Game of Zones: display mutating again?

- November 27, 2013

Cost Per Mille (mille Lat.: thousand) was originally used in the newspaper industry. Comparing the relative cost of reaching readers in between a national newspaper with a circulation of 1.2m and a local one of 75,000 is impossible without calculating the CPM.

(Cost of insertion / Number of readers) / 1,000
This model was transposed to the Internet with the substitution of 'readers' with 'impressions'; the number of times a banner is shown to a user.

Can you see the one at the bottom?
Display banners principally do two things:
  1. Deliver an advertiser's brand and message
  2. Provoke an interaction, normally a click
Neither of these things happen (or can happen) if the user does not actually see the banner. When it comes to a web page, the 'impression' happens on the load and rendering of the page. If a site has very long (and not very interesting) pages, the fact that an 'impression' happens at the bottom of the page doesn't help.

This has led some marketers to obsess about 'above-the-fold' placements. This is another newspaper term co-opted to the Internet world; coming from the days of large papers which folded in half. A few years ago, there was some consensus as to where the 'fold' was on a webpage, but the addition of mobiles, tablets and other devices to the mix means this is a moving target now (which means advertising needs to adapt depending on the device). Smaller screens also means more impressions may be lost; for example, on an article-type page the most common behaviour is to zoom to the column width of the article, which hides the right-column which is a common place to run ads.

There is some sense to worrying about placement, but I think a focus on engagement measurement is a more useful approach in most cases. Clicks (2 above) can be tracked reasonably accurately, but how do we approach the 'branding effect'. There are various ways to follow users around and infer effectiveness from post-impression actions or use CTR on different channels as a proxy for the effectiveness, but no simple metric to follow. Things would be a lot easier if we knew that an ad had actually been seen... Looks like things are moving that way as Google just got certified by the MRC for its 'Active View' product. Short version is that this will now be an option for CPM bids on the Google Display Network and will probably force itself cross-industry as a standard for the future. Get a more detailed run down on this development here.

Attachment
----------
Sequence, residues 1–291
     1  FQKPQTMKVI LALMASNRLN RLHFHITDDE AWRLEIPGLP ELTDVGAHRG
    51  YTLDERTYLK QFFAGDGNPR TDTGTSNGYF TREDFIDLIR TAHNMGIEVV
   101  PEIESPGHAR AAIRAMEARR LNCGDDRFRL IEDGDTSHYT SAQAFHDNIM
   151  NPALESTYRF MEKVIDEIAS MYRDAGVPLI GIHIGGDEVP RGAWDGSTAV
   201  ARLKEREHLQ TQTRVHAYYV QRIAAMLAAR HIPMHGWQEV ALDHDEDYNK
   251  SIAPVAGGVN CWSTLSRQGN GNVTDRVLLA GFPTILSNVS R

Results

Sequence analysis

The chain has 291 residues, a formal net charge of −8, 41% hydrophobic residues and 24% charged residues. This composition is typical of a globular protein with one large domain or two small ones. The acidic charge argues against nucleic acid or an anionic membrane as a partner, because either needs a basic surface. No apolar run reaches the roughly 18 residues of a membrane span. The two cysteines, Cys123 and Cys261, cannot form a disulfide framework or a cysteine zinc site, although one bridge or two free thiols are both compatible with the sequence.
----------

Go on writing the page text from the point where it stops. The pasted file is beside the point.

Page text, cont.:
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The Total Expat Experience

- November 12, 2013

A fashionable concept at the moment is Total Customer Experience (TCE). It might sound like the kind of business jargon which will induce a coma within 2 minutes, but bear with me! TCE is linked in with the idea of running Customer Experience Management (CEM) programs. Sorry, that's the last of the acronyms.

The main idea is to extract a bunch of key metrics from as many customer interaction points as possible and then use this to experiment and innovate on tactics to keep customers happier, for longer. Sounds a little like common sense and traditional best practice?
The interesting bit is the focus on metrics and experimentation – there are frequently many useful insights sat lurking undiscovered in the data. Taking a more analytical approach is a helpful compliment to the anecdotal, story-based way we, as humans, typically try to understand things.

So, how could your current or future TCE efforts work with the segment of your customers which are expats? The good news is that they should help. The bad news is you will probably need to look at the data another way. Specific factors such as the following may skew the figures:

  • Language barriers may favor one channel over others
  • Attrition in online processes may differ massively from native populations
  • Customer retention strategies may have different effects on this segment
  • Customer churn is likely to be above average as expats are internationally more mobile
Don’t make the mistake of assuming the benchmarks will be the same as they can be very different. Correct interpretation of the figures will help better address this segment. Not sure we need Total Expat Experience (TEE) to enter the business lexicon, but companies do need to pay attention to how they look at figures as the % of non-natives in customer bases continues to rise and rise.

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